Whitehall was rocked today as violence broke out among economic forecasters.  Experts predict that this sort of thing can only get worse as the recession bites. It is true that City analysts haven’t yet got to the stage of pitching fire extinguishers off the roof of Conservative Central Office, but the time will come. All leave at the Economist has been cancelled.

The temperature was raised by the appearance at the parliamentary despatch box of Oik Osborne, a man who, to be fair, can start a riot by eating a bowl of cornflakes, but who on this occasion stoked the flames by claiming that the prospects for Britain’s economic recovery are very good. This was enough to drive all good sane people, as well as the aforementioned economists, to convulsions.

Mr Osborne knew he had good news to impart because he had been told it so by Mr Robert Chote. Mr Chote used to work for the Institute of Fiscal Studies, an organisation with more believers than the Church of England. Today, however, he is the head of something called the Office of Budget Responsibility a body that, to pursue the religious analogy, enjoys approximately the same credibility as the Moonies. This is unfortunate for Mr Osborne, who set the OBR up to be incorruptibly distant from the midden of politics, but finds it with a reputation for disingenuity capable of dragging down even Mr Robert Chote. Maddeningly, there is no prospect of this changing until the OBR starts saying things that Mr Osborne does not want to hear.

Dig a little way into the OBR’s analysis and its caution is evident.  But, its headline message yesterday was very much in line with the Chancellor’s languid confidence that his tough economic medicine is doing the trick. No longer the economic basket-case about to be pounced upon by humourless accountants from the IMF, Britain is steadily pulling away from what Mr Osborne and David Cameron were pleased to call the danger zone.  Economic growth, according to the OBR, and as gleefully re-told by the Oik, will surge ahead to 1.8% this year, transforming the country into a land of organic semi-skimmed milk and locally-cultivated honey, compared to the soiled, acidic wasteland associated with the previously expected growth-rate of 1.2%. And in the next two years, wait for it, growth is expected to tick over at 2.1% and 2.8% respectively, meaning that it will scarcely be possible to walk down the street by the time of the Olympics without someone rushing up and offering us two or three well-paid jobs.  It is true that the 2011 and 2012 forecasts for growth are somewhat lower than what had been set down before, but in politics it is important not to allow too much sobriety to butt in upon the magic.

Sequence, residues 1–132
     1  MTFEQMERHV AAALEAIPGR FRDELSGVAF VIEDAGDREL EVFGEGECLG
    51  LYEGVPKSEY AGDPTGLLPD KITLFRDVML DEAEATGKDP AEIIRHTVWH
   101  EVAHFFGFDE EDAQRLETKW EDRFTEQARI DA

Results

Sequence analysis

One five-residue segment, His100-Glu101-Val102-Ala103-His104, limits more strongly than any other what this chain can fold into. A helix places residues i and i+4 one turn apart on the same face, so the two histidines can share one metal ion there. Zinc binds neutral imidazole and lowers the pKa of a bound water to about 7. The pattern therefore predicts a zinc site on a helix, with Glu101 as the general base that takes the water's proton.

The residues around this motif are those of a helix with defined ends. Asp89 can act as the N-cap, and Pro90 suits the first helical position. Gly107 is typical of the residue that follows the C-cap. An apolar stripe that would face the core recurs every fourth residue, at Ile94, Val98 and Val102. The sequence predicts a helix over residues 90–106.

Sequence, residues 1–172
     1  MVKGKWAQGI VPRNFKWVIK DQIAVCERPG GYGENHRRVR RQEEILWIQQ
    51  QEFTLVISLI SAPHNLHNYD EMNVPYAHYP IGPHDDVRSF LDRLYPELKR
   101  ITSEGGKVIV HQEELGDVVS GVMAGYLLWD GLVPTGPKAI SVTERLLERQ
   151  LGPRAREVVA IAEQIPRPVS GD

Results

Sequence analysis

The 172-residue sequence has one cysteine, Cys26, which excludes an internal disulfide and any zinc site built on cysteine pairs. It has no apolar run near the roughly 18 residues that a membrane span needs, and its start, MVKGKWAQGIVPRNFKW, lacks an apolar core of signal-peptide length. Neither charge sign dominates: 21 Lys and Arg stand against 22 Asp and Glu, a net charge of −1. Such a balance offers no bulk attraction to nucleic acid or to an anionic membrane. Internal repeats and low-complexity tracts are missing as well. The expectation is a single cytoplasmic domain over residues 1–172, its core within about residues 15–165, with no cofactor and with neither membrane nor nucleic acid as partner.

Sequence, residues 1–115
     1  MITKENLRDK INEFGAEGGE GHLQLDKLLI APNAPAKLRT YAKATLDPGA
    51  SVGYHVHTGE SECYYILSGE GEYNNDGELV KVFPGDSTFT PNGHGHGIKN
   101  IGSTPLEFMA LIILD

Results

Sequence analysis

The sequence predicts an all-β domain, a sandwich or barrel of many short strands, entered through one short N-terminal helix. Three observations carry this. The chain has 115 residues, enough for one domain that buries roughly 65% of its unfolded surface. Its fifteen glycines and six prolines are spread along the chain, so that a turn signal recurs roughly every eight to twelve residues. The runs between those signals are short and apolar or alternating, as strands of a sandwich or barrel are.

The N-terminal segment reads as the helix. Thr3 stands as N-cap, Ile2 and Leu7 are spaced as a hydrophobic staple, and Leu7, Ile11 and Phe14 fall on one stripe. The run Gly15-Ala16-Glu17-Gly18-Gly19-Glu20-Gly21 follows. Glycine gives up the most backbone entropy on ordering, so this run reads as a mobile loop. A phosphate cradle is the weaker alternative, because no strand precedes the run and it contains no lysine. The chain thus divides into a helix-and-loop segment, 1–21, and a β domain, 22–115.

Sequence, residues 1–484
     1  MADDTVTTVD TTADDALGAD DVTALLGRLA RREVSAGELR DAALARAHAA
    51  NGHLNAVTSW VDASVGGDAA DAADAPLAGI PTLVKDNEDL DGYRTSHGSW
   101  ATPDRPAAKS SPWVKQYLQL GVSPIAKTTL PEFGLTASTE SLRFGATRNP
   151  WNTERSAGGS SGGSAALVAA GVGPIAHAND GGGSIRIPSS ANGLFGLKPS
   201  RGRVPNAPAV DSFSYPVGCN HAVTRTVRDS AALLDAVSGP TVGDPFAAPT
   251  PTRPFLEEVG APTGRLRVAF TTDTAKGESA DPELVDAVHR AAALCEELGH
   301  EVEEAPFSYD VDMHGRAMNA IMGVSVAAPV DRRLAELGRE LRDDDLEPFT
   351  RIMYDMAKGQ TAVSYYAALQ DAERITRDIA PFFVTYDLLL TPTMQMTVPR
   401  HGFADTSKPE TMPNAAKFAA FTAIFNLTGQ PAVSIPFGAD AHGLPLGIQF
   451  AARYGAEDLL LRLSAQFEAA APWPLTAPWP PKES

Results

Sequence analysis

All of these numbers pose something of a dilemma for Alan Johnson, Mr Osborne’s proletarian oppo. He can hardly join in the cheering at the glorious liberation, but neither can he accuse the Chancellor of talking out of his backside. Not only would such language be deemed unparliamentary and thus pounced upon by the demonic mannekin Bercow, but too much renting of garments commits the even grosser sin of “talking Britain down”.  So Mr Johnson took the only option left to him which was to say in a roundabout way that he didn’t really know.  Now of course he couldn’t exactly put it like that – there are already too many people, including Mr Johnson, signed up to the notion that the shadow chancellor doesn’t understand economics – so instead he accused the chancellor of taking an enormous risk. This, ironically, is the safest thing he can say since it must be true. Any serious economic or political decision is a risk.  If the risk goes sour, Mr Johnson is vindicated; if it pays off, everyone will be too busy getting rich and drunk off the proceeds that no one will remember.

Mr Osborne “is in the casino, but hasn’t yet spun the wheel”, said the shadow chancellor, a colourful metaphor concealing the truth that, so far as Mr Johnson or any of the rest of us know, the Oik might yet turn out to have placed his chips wisely. The advantage for Mr Johnson, an ageing politician, of this formulation is that by the time anyone knows where the ball is going to land, it will be too late to matter to his career.

Outside this cosy Westminster game, however, things are a lot more angry as forecasters rushed to dispute the numbers. Some of them went so far as to describe Osborne’s predictions as “overly optimistic”.  The Chancellor is not the only person in this scenario who knows about cutting.